Protect yourself and your family this summer
What is skin cancer?
Skin cancer is the most common cancer in the U.S. It happens when damage to skin cells occurs, most often by ultraviolet (UV) rays from the sun or tanning beds. While skin cancer is a very real threat, it’s the easiest cancer to treat, if found early. Many think dark-skinned people can’t get skin cancer, which is not true. Due to this misunderstanding, skin cancer is often found in people of color at a later stage than other ethnic groups.
How can you protect yourself and your family from the sun?
Below are some simple tips.
- Use a broad spectrum (UVA/UVB) sunscreen with an SPF (Sun Protection Factor) of at least 15 or higher every day. If you are going to be outside for a long time, use a sunscreen with an SPF of 30 or higher.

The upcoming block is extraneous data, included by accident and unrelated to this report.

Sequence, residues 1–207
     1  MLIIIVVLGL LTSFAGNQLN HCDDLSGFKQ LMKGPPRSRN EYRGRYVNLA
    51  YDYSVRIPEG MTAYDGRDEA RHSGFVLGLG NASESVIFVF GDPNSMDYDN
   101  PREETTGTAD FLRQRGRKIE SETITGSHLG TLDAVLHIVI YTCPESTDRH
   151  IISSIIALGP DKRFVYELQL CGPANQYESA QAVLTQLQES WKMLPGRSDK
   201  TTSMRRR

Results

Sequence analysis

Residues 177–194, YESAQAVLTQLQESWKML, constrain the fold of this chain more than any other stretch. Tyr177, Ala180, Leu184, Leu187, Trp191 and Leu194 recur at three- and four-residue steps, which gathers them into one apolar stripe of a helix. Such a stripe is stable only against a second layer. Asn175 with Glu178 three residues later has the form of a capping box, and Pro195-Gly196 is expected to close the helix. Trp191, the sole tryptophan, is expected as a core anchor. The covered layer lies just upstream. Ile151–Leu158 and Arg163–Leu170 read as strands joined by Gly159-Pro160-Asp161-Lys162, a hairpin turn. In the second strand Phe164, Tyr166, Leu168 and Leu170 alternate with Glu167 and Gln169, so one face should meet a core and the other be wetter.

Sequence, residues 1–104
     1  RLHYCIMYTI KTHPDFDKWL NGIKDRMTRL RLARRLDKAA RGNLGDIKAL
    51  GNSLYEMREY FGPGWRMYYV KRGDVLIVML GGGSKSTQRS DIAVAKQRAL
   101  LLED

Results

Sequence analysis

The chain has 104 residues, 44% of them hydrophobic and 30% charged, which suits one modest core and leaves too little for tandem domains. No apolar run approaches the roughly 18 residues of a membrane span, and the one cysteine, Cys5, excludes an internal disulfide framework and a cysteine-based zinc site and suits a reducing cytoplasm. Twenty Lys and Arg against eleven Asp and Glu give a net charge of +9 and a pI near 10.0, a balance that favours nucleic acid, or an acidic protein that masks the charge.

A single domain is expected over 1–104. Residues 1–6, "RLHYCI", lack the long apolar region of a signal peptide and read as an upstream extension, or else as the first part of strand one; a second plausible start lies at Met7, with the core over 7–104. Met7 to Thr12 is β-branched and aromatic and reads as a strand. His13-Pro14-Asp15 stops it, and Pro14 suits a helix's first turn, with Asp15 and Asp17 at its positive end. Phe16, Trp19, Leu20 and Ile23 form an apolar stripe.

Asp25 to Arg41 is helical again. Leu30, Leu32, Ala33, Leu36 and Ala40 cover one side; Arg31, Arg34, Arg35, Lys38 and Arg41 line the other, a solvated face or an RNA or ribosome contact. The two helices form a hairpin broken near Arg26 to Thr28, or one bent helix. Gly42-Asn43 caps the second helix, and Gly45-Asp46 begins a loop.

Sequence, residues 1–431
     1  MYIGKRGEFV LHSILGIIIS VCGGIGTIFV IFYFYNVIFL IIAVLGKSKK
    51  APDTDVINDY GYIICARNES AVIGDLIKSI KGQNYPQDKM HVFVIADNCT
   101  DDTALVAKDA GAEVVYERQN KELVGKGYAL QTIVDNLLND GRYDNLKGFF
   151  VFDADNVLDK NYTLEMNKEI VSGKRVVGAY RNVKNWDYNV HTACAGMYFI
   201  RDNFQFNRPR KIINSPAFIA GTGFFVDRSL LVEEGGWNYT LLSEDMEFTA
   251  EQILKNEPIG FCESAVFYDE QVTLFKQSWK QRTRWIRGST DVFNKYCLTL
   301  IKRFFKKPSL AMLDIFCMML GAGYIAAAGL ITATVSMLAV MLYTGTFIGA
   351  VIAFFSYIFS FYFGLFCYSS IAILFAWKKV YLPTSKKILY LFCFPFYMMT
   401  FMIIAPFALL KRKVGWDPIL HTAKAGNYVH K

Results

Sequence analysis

- Cover up with clothing, a hat and UV-blocking sunglasses.
- Seek the shade, mainly between 10 a.m. and 4 p.m.
- Examine your skin head-to-toe – yes, even the skin under your hair – every month. Look for:
- A spot or sore that continues to itch, hurt, crust, scab, or bleed.
- An open sore that does not heal within three weeks.
- A translucent skin growth or a mole, birth‑mark, beauty mark, or any brown spot that changes in color or texture, increases in size or thickness, is irregular in outline, bigger than a pencil eraser, or appears after age 21.
- Babies under six: Make sure that babies under six months old avoid sun exposure. Dress infants in lightweight long pants, long-sleeved shirts, and a hat that shades the neck, or keep baby under an umbrella. Please talk with your pediatrician for more information.
- Young children: Apply sunscreen (SPF of 15 or higher) at least 30 minutes before going outside, even on cloudy days.
Want to find out more?
Visit www.emblemhealth.com/skincancer or:
- The American Academy of Dermatology: aad.org
- The Centers for Disease Control and Prevention: cdc.gov
- The Skin Cancer Foundation: skincancer.org